Five Facebook Tips 12

Here we go again. Five more Facebook tips for you and yours on this Friday.

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So social media is NOT about ME (=you/your brand) or being the media (all the time), the focus is on being social. Having a conversation with someone (online or offline) creates a relationship. And since “people do business with people they know, like, and trust”, building a relationship with your past/current/future consumers is key. Otherwise each sale is just “buy”, or “goodbye”. Selling a product once to one consumer is nice, but wouldn’t it be much better if that consumer stays with you for a long(er) time?

1. Keep your Post By Others wall as open as possible
Seeing big (and small) brands turning the “Post By Others” wall off is something I can not comprehend. Ignoring your past/present/future customer, in public, isn’t good marketing in my eyes.
So open up the “Post By Others” wall and then open it up all the way (see screen shot below). You want your fans to be able to tag their friends in your photos, so your content gets spread whenever possible. Having your current fans telling their friends about you is super valuable. We all trust our friends more then anything, and social media is word of mouth on steroids. Why would you try to stop that?

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2. Add other Facebook Pages to your Page (that you’d recommend)
As a Facebook Page you can “like” other Facebook Pages, which displays in the right colum on the top of your Page. This is basicly a list of other Pages that you think your fans should “like” as well. So you would add brands, retailers, and athletes on this list that you want to align yourself with. So don’t try to make this list endless. Less is more. I think anywhere from 5 to 50 could be a decent size list.
To add another Facebook Page to your list just go to the Facebook Page you want to add, and click on the “wheel” below the cover photo (on the right) and click “Like As Your Page”. If you handle multiple Facebook Pages you get the option to pick the Page you want to add it to.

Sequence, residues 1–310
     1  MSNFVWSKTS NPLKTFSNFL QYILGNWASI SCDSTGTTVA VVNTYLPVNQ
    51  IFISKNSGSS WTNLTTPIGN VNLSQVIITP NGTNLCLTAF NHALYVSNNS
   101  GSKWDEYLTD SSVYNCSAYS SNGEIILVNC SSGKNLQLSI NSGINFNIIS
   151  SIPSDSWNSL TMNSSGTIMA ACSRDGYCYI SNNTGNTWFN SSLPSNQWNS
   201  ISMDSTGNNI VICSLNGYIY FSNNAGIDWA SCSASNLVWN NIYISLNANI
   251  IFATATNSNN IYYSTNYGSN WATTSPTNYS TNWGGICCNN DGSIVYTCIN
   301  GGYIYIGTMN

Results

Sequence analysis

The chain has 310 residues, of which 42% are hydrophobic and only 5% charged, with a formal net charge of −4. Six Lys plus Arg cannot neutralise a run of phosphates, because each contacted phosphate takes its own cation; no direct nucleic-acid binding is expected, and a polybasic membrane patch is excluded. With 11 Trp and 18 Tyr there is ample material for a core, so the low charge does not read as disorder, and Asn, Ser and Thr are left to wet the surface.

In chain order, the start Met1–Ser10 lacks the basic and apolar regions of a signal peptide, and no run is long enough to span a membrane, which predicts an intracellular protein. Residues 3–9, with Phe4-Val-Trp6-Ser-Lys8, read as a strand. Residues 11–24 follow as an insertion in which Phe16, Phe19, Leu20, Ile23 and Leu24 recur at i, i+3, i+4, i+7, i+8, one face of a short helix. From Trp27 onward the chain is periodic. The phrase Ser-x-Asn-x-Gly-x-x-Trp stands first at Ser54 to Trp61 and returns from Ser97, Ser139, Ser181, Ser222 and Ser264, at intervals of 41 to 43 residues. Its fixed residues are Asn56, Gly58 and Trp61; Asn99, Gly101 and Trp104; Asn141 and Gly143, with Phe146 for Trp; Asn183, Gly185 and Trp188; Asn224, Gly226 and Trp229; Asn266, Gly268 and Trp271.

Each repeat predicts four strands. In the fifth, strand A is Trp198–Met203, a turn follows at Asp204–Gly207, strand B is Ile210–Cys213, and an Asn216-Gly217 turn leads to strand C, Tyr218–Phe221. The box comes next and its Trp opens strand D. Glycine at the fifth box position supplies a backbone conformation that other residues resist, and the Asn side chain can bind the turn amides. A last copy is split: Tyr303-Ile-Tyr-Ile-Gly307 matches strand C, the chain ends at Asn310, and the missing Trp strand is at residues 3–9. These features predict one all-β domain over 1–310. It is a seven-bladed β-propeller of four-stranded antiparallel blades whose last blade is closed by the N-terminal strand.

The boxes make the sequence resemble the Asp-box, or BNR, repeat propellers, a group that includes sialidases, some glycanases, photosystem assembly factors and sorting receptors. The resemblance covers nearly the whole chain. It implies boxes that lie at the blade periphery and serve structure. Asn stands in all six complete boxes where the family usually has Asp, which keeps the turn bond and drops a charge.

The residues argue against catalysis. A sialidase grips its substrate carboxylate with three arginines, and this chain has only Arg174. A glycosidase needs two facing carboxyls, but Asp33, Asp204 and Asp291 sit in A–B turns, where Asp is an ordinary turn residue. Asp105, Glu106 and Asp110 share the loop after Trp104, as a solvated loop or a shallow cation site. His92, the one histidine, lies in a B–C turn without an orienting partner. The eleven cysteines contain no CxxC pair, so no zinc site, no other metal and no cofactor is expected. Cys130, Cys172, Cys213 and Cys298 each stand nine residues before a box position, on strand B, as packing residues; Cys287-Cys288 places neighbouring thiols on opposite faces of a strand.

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3. Display 5 other Pages for people to Like (Featured Likes)
So now that you have a list of Pages added to your “Recommend Likes”, the “Likes” box will display up to 5 Pages that your Page likes. This list will change with every refresh, so each one on the list gets displayed at random. If you “like” more then 5 Pages you don’t control which Pages get shown. But you can set certain “Featured Likes”, so those will show up every time. I don’t recommend locking in all of the 5 spots, as then the others Pages will never show up. So maybe lock in the first 2-3 spots makes the most sense.
To set the Featured Likes go to “Edit Page” and “Edit Settings”. On the left click on “Featured” and then click on the box “Add Featured Likes”. Now the list pops up of all the Pages that you like with your page. Select the ones you want to lock in.

Featured-Likes

4. Who to make an admin of your Facebook page
For a while now there a 5 different degrees of admin roles. Only the “Manager” can add and delete others. Best is to have 2 people be an manager, in case something happens to one of the profiles from the admin. (Hacked, banned, etc) If someone has a fake (personal) profile you want to be extra carefull, as Facebook can at any time delete that profile. And if that’s the only admin of the Facebook Page you’re screwed. As far as adding any others admin, once again, less is more. If you add more people to your Facebook Page, to post (in specific territories) make sure they now how to post, respond, and tag right.

*Please note that any manager can hijack the page and kick everyone else out. It all comes down to trust, and maybe adding something in the contract of your social media employees.

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5. Check the comments after you do a Facebook post

I see a lot of people just post stuff, and not interact. They turn their “Post By Others” wall off and just do one-way traffic. Being anti-social on social media, wtf!